- List the minimum education, experience, and skill levels that are acceptable, if applicable. Point out any special criteria such as extensive travel or relocation that would immediately weed out applicants unwilling to take on those aspects of the job.
- Use proper grammar and punctuation so your ad will be easy to understand.
- Don't overuse abbreviations and acronyms that make it difficult to read or understand the ad. If you must use them, stick with the simple ones.
- Be specific about the type of equipment, software programs, etc., that applicants should know how to use or operate.
Remember — writing it right saves you and applicants a lot of time and energy. They want to find the right job as much as you want to find the right employee, and a clear, specific job ad goes a long way toward that end.
Avoiding discriminatory language in job ads
It's of the utmost importance that you avoid using discriminatory language when creating a job advertisement first and foremost because federal and state anti-discrimination laws may apply to your job ads.
There are federal laws that apply to employers with 15 or more employees and that prohibit discrimination against any protected class of individuals. These laws dictate what you can and cannot say in a job advertisement. Some state laws apply to even smaller employers.
Another reason to avoid using discriminatory language in a job ad is that newspapers, trade journals, online sites, etc., have policies in place to reject ads that are discriminatory.
What constitutes discriminatory language? Generally, federal law prohibits you from making statements or implications about not wanting people from protected groups (i.e., members of a certain race, color, ethnicity, national origin, religion, gender, age (over 40), disability, or veteran status).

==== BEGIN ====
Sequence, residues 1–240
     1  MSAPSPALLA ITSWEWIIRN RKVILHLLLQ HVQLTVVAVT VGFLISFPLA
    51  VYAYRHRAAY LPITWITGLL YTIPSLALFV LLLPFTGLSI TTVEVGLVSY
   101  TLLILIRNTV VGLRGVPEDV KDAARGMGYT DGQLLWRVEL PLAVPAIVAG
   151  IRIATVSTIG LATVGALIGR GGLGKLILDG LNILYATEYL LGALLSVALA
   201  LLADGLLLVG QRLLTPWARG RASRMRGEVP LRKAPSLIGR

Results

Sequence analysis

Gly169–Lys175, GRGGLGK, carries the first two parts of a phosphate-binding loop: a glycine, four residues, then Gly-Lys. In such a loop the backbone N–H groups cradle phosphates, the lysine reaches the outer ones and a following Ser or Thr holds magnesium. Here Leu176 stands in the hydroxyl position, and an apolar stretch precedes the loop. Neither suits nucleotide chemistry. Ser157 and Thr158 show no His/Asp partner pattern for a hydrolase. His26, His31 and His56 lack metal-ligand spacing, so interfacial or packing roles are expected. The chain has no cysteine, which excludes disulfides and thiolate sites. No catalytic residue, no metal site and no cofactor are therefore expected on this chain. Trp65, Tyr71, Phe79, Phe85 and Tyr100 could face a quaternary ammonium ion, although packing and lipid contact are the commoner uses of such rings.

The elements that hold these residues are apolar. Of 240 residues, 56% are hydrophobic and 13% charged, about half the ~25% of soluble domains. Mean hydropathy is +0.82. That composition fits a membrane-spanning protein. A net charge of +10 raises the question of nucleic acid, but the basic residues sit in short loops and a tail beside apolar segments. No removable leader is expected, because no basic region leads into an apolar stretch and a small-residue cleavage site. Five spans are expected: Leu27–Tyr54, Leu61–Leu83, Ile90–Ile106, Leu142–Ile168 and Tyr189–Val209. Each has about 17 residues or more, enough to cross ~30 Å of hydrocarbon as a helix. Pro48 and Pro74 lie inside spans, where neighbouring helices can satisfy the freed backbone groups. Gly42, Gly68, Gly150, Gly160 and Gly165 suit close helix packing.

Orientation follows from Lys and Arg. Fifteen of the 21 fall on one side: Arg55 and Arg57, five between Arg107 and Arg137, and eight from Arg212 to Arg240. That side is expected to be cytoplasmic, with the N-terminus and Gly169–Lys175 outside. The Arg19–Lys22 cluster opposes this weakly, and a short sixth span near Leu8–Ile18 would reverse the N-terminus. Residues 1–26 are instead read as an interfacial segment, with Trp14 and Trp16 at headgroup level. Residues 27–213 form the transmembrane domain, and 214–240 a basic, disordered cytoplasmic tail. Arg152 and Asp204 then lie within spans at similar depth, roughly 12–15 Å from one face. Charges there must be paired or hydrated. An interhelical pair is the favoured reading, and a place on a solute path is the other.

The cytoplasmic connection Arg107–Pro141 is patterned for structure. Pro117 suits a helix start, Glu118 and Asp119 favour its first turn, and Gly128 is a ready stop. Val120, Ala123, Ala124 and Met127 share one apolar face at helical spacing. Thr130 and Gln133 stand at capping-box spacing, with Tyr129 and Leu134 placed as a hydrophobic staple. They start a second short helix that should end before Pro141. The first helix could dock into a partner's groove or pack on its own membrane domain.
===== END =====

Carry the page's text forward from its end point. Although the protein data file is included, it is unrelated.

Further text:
A very narrow exception applies to jobs where there is a bona fide occupational qualification for the position, meaning that religion, gender, or national origin factors are reasonably necessary to the normal operation of that particular business or enterprise.You also have to be particularly careful not to use language that will discriminate against potential applicants for your job because of their age. The EEOC gives policy guidance on how job advertisements may violate the Age Discrimination in Employment Act (ADEA).
Although the prohibition against job advertisements that discriminate on the basis of age is pretty straightforward, the EEOC finds that a case-by-case assessment is needed as to whether the language of a particular advertisement, as well as the context in which it is used, would discourage persons in the protected age group from applying for the job.
For example, the mere presence of "trigger words" (words and phrases that refer to age such as "recent college graduate," "young executive," "athletically inclined," etc.) does not alone constitute a violation of the ADEA. In order to determine whether an advertisement is discriminatory, the ad must be read in its entirety, taking into consideration the results of the ad on the employer's hiring practices.
To illustrate these concepts, refer to the case studies we've provided from the EEOC regarding whether job advertisements are considered discriminatory.